Terry Jenner said that Steve O’Keefe bowled blancmanges. If you for some reason think that was intended as a compliment, O’Keefe himself recalls: “He’d just look at me in disgust about how putrid these things were that were coming out of my hand.”
Jenner’s greatest protégé Shane Warne feels similarly. According to him, O’Keefe is not a “red ball player,” he is “a white ball specialist.”
O’Keefe’s first-class bowling average is 23.81. His domestic one-day bowling average is 55.89. People actually pay Shane Warne significant sums of money to voice opinions like that.
Then again, Imran Khan probably thought Glenn McGrath didn’t swing the ball enough when he first saw him and Jeff Thomson probably thought he wasn’t quick enough. There’s more than one way to take a six-for. That’s the essence of cricket, no?
Steve O’Keefe bowled India out today. He took 6-35.
An enormous number of Australians were badmouthing the pitch even before a ball was bowled because they simply CANNOT comprehend that anything other than an Australian pitch is appropriate for Test cricket. But no matter what the state of the pitch, has anyone else taken 6-35 yet?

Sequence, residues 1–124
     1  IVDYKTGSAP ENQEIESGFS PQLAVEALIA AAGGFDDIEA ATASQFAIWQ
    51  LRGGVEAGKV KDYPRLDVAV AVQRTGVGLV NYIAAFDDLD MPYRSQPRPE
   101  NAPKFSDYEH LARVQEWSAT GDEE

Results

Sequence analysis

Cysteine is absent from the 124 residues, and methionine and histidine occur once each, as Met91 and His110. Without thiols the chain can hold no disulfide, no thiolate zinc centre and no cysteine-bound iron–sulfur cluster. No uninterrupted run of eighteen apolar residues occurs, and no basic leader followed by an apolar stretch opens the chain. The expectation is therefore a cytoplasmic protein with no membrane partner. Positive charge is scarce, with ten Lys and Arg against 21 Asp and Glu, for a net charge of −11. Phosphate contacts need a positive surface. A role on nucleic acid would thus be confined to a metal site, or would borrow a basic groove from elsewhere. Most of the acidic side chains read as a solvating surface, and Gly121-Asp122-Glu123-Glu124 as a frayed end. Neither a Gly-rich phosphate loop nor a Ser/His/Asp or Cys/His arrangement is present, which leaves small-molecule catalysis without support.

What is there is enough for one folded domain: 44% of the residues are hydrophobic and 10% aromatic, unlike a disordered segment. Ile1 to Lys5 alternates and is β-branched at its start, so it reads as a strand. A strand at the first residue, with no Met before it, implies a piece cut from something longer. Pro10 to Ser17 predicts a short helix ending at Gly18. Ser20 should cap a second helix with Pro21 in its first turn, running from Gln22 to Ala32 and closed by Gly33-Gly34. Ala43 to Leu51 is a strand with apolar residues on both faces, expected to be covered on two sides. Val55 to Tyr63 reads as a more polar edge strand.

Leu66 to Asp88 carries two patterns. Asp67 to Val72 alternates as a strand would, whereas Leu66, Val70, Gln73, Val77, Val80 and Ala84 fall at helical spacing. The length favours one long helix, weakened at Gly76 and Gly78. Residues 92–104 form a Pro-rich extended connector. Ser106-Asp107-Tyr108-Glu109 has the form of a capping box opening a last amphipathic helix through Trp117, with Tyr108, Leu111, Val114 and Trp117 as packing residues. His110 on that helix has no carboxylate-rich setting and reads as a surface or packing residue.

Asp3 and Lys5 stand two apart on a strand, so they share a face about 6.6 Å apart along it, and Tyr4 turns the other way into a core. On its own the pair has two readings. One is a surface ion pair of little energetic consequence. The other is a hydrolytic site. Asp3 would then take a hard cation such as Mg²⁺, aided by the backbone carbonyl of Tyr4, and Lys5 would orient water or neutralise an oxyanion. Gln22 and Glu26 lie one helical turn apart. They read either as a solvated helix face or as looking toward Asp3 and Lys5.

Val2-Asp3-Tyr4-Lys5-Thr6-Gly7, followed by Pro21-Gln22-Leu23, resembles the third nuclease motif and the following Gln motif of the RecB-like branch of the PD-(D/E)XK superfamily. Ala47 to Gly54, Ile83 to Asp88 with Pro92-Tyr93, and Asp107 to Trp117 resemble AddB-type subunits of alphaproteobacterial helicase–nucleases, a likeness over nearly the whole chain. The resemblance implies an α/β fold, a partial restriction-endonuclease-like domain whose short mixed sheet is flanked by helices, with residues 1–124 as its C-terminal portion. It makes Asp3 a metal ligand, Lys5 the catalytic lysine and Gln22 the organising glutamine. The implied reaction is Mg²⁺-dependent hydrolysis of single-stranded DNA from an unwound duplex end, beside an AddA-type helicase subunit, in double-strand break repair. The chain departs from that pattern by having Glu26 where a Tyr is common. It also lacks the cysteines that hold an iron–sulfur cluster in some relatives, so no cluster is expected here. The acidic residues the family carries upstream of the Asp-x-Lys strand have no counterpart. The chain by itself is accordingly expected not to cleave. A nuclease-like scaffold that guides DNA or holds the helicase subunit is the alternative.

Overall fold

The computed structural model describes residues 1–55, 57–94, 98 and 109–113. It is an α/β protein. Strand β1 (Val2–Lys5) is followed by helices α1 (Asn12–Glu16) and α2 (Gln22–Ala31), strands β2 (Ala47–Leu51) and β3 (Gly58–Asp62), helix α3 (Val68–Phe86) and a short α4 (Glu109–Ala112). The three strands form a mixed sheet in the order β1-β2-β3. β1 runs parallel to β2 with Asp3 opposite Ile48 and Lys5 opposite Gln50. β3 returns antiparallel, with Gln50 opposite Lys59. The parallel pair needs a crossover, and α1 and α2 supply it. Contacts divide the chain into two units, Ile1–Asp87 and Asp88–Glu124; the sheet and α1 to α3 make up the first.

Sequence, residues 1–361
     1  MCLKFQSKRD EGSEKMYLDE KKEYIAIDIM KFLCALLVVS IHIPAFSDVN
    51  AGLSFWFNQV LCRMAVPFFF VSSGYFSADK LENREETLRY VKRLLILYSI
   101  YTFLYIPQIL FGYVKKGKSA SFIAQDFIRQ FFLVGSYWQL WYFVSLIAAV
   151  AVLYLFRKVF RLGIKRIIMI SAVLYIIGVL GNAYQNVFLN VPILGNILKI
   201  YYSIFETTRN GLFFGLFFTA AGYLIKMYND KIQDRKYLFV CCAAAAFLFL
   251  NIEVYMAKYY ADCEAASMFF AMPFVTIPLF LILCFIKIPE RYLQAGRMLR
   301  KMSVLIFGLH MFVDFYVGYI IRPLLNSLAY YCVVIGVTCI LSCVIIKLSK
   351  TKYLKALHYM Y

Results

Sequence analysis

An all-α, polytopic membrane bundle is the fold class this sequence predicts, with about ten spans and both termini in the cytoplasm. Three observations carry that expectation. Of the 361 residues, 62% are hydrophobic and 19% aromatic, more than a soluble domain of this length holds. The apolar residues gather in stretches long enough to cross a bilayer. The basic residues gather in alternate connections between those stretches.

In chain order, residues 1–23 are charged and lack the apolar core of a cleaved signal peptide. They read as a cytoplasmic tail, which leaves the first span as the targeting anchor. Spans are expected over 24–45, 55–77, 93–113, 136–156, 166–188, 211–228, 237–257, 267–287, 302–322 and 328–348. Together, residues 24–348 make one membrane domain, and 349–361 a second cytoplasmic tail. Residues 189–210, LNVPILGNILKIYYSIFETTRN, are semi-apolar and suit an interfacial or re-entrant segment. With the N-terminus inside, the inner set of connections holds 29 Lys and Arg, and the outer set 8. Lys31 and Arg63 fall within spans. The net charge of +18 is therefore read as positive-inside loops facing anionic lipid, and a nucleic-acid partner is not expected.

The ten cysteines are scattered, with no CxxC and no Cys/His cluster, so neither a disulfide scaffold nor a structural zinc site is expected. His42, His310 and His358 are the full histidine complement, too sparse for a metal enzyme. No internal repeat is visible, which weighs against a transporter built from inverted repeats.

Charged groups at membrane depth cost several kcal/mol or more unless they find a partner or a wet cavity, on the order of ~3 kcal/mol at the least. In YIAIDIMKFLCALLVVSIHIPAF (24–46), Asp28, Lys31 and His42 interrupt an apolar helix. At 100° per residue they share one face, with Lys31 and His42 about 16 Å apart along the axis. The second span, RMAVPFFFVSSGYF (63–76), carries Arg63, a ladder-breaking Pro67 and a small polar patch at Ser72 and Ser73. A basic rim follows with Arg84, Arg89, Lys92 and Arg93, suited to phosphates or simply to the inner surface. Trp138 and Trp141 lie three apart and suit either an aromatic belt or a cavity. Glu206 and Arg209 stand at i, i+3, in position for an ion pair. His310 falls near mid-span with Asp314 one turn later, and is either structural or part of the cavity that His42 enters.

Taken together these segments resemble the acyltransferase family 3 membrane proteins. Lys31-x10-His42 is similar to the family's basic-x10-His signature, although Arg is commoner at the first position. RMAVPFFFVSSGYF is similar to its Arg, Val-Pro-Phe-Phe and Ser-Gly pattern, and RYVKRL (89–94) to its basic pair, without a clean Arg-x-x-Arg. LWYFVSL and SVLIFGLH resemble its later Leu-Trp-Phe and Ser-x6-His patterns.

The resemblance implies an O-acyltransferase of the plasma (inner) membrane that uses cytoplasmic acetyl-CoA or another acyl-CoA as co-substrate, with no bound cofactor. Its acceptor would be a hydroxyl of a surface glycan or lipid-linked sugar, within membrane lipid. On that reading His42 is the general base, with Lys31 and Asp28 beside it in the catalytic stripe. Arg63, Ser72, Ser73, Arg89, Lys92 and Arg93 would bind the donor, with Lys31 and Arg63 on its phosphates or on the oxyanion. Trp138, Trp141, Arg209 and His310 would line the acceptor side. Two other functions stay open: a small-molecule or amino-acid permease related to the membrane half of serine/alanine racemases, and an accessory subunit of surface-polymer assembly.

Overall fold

This shouldn’t really be an enormous surprise. If a spinner takes wickets at 23 without really spinning it a right lot, then presumably he’s making up for this in other ways – accuracy, consistency, general deviousness. Present such a player with a ‘helpful’ pitch and he’s going to make damn sure he makes the most of it.
Teams often head to India with ‘attacking’ spin bowlers, but Ravindra Jadeja averages 20 on these pitches because he wangs it at the stumps and sometimes turns it away from them slightly. As templates go, that is attainable, yet touring sides will often labour under the misconception that they have some Murali or a Warne waiting in the wings who will finally reveal his true nature on Indian soil.
That is manifestly cobblers. Beware the putrid blancmanges – that’s what we say.